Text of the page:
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Aurora’s natural environment was David Tomlinson’s passion




David Tomlinson always insisted he was not a “people person.”

Instead, he contended he was happiest in nature – cultivating plants, designing lush and fragrant gardens, counting birds, and restoring habitat lost or impacted by development.

Nobody who knew David Tomlinson would ever agree with his assertion as his tireless work in Aurora had a profound impact on the community so many call home – and now they are remembering the famed landscape architect and the legacy he has left behind.

David Tomlinson, whose name is now carried by Aurora's David Tomlinson Nature Reserve in the Town's northeast quadrant, died Friday, September 8, at North Bay Regional Health Centre.

The last pages of his final chapter were written in the northern community to which he and his wife, Dierdre, moved last year to be closer to family after the sale of their home, Merlin's Hollow. Merlin's Hollow was the renowned garden the couple built for themselves on Aurora's Centre Crescent, to which they welcomed members of the public each summer for more than 40 years.

Despite the move, Aurora was always close their hearts, and Tomlinson made the trek to Aurora Council last year to advocate for his eponymous nature reserve and his decades-long vision for the space.

“On behalf of Council and the Town of Aurora, I offer my deepest condolences to the Tomlinson family,” said Mayor Tom Mrakas in a statement. “David was a true pillar of our Town, leaving an indelible mark through his passion for gardening, nature, and landscape architecture. As we mourn his passing, we must also celebrate the legacy he leaves behind.

“In 2020, the David Tomlinson Nature Reserve was named in his honour, after his instrumental work to protect the nature reserve and the wildlife that call it home. He has truly made a lasting impact on our Town and he will be dearly missed.”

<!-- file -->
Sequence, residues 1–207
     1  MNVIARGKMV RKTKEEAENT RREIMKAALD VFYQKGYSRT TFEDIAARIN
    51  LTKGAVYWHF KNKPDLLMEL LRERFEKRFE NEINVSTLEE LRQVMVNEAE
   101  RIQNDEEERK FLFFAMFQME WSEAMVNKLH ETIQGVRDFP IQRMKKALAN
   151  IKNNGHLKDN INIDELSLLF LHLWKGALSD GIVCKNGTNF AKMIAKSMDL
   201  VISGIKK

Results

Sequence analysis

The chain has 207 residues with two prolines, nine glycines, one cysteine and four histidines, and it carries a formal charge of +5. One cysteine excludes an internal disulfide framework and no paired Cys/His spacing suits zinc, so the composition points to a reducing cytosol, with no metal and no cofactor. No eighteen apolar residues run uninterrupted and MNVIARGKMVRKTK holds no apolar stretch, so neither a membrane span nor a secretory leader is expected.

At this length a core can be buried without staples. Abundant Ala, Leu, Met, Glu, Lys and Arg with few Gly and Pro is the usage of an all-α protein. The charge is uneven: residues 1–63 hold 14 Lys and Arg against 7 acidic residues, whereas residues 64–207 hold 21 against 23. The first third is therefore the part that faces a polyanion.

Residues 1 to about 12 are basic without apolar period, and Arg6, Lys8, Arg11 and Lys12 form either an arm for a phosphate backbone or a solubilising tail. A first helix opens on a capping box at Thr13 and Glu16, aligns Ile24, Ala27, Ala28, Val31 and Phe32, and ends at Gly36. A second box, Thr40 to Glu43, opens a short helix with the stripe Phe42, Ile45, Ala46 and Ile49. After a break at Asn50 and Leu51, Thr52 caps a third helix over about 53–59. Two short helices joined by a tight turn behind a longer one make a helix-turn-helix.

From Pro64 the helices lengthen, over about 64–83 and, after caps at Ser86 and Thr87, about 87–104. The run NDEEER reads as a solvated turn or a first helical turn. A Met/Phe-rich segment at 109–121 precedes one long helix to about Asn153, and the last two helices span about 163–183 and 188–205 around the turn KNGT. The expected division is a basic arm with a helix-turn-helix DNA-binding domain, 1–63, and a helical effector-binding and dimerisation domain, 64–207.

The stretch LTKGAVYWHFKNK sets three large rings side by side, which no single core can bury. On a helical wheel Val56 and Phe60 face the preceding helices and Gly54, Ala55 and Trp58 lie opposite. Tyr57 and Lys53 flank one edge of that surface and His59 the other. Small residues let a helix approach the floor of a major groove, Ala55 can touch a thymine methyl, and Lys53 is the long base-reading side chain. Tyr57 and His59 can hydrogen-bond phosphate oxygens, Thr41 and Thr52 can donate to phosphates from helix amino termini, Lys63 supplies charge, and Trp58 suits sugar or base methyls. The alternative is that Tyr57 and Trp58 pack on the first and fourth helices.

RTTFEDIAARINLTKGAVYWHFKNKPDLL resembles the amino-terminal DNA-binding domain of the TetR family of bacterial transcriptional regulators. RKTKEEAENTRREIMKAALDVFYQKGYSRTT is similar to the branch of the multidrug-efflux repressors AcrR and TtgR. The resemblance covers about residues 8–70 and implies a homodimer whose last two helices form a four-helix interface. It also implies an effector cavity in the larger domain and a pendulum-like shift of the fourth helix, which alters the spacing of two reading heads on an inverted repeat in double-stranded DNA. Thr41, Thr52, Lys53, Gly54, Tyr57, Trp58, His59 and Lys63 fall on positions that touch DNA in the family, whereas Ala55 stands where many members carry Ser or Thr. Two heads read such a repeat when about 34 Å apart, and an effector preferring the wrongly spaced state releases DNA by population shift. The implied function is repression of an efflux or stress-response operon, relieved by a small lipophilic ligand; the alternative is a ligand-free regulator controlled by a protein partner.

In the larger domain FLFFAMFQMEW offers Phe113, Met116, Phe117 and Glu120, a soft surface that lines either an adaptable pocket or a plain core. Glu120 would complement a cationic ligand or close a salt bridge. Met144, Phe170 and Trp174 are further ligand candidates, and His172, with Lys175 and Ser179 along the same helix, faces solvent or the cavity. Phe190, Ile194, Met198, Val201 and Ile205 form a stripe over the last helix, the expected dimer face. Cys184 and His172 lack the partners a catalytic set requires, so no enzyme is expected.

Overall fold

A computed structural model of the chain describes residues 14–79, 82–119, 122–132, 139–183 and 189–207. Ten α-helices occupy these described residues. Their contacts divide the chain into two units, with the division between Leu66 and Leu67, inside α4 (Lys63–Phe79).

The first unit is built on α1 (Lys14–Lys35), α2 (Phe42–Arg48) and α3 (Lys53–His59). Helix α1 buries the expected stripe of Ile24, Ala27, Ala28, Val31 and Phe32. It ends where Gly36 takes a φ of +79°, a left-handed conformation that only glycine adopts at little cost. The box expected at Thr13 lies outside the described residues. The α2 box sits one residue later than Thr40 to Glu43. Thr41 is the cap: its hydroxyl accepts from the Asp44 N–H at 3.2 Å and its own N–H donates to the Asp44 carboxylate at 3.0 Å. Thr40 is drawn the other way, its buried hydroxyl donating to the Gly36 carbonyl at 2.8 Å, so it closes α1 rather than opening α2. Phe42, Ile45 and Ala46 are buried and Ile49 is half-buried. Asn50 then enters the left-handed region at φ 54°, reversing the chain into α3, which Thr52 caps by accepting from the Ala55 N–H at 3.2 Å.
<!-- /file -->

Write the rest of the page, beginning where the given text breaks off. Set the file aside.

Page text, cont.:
For his environmental advocacy, Tomlinson was named Aurora's Citizen of the Year in 2009.

Phyllis Morris, who served as Aurora's mayor during this time, said the community had “lost one of its very best.”

“David worked his magic for so many years to create and care for the much-loved Merlin's Hollow,” she said. “He and Dierdre nurtured an absolutely wonderful little piece of heaven on earth; a calming green sanctuary tucked away up a little lane in a fast-growing urban town – a whimsical cottage adding to the charm. His life-long passion and genuine love of nature was evident and lives on for all to enjoy in the landscapes and gardens he designed and created.

“David will never be forgotten by those who had the privilege to know him, to work and volunteer alongside him in an ongoing effort to protect and enhance the natural environment. David was such a special soul. No doubt many hearts are heavy at the news of his passing. To say he'll be missed is a huge understatement. He is simply irreplaceable.”

David Tomlinson, born in 1934, hailed from Manchester, UK.

Describing himself as anything but a scholar, he began his apprenticeship in landscape gardening at the age of 12, climbing his way up the proverbial trellis.

He first visited Canada in 1974 and it was not long thereafter that he and Dierdre decided to make the move.

They first secured an unfurnished house on Wellington Street where neighbours rallied to help them make the house a home with extra furniture and other creature comforts. It not only gave them a strong foundation in the community but underscored the importance of giving back to their adopted hometown.